"The Country of the Blind" (The Strand, April 1904)
Ironic exploration of the proverb "In the country of the blind, the one-eyed man is king." Not an sf tale; the only remotely "fantastic" element is the idea of the plague which afflicts the remote group of settlers and their remarkable adaptation to it. But in essence it is a story which appears in hundreds of science fiction tales since. Numerous parallels:
* Hidden valley = newly-discovered planet
* Settlers = aliens
* Their adaptation to blindness = new senses
* The valley is a pocket universe (see Philip Jose Farmer's "World of Tiers" series; "Universe" (1941) by Robert A. Heinlein; Non-Stop (1958) by Brian Aldiss or Dark Universe by Daniel Galouye.
* Nunez's assumption that he can dominate because of the advantages of his sight = the invader who thinks that aliens are primitive. See "And Then There Were None" (Eric Frank Russell) in which military domination is undermined by Gandhiist pacificism.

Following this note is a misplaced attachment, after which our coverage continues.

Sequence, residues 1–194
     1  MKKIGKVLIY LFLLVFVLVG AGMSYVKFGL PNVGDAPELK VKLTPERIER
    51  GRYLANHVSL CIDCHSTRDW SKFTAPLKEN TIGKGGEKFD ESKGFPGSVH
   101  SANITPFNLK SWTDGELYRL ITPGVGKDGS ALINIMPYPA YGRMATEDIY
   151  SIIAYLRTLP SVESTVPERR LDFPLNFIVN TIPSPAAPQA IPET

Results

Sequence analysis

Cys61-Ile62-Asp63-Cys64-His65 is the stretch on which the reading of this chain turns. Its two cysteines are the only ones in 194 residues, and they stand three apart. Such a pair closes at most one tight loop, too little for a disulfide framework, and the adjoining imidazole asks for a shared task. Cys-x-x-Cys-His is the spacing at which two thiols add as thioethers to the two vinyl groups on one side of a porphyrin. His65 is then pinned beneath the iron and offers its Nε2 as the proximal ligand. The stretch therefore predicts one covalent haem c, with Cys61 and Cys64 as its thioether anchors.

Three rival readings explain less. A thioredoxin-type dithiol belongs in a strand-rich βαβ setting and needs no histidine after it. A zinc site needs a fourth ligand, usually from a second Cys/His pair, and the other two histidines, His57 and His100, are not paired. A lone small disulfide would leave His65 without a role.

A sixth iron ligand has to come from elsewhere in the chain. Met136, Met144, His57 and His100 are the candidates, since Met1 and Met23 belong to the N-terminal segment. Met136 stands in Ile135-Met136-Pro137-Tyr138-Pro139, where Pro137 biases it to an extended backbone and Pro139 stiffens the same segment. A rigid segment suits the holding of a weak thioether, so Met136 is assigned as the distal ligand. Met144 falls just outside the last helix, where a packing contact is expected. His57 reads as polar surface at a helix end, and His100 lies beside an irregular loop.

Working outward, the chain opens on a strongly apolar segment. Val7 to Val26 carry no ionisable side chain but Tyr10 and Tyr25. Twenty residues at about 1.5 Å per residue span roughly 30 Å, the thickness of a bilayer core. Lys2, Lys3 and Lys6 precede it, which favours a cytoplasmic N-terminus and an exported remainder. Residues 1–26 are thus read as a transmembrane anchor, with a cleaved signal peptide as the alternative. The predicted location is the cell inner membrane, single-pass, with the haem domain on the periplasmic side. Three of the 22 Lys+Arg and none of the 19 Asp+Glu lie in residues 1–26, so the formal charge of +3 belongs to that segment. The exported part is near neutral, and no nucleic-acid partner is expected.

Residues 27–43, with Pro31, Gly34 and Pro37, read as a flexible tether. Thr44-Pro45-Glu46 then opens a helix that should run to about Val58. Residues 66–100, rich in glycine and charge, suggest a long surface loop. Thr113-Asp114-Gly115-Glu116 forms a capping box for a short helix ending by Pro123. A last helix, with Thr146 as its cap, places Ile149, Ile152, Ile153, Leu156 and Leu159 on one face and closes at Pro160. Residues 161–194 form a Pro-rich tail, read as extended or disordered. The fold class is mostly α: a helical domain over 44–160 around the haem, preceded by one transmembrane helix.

* The sensory acuteness of the settlers almost a conceptual breakthrough. See John Varley's "The Persistence of Vision" (1978).

"The Land Ironclads"
Tradition of future-war stories from George Chesney, The Battle of Dorking (1871). (See I. F. Clarke)

The combating sides not named: "The young lieutenant", "the war correspondent". Stalemate in war broken by advanced technology. See the correspondent's musing towards the end: "Manhood versus Machinery" and the surrendered officers' implications that this is "unsporting". But the victors "not altogether degraded".

First view of the ironclads: fighting for comparisons: the artist: "Something between a big blockhouse and a giant's dishcover ... a prowling nightmare."

Change of viewpoint away from the correspondent as the ironclads attack (section 4): careful description and explanation. Cleverness and efficiency: the "young engineers" resent "the assumption that their own side was too stupid to do anything more than play their enemy's game."

The correspondent as he surrenders: "no end to the surprises of science."

SEE Wells's intro to Scientific Romances of H. G. Wells in which he links his stories to imaginative fantasies such as The Golden Ass of Apuleius.

Denies being in the Vernian business of forecasting.

Imagination is secondary to the effect of the "fantastic element" on human beings. "Anyone can invent humans beings inside out or worlds like dumb-bells or a gravitation that repels ... Nothing remains interesting where anything may happen."

"Work of this sort gets so stupidly reviewed nowadays that it has little chance of being properly read. People are simply warned that there are ideas in my books and advised not to read them."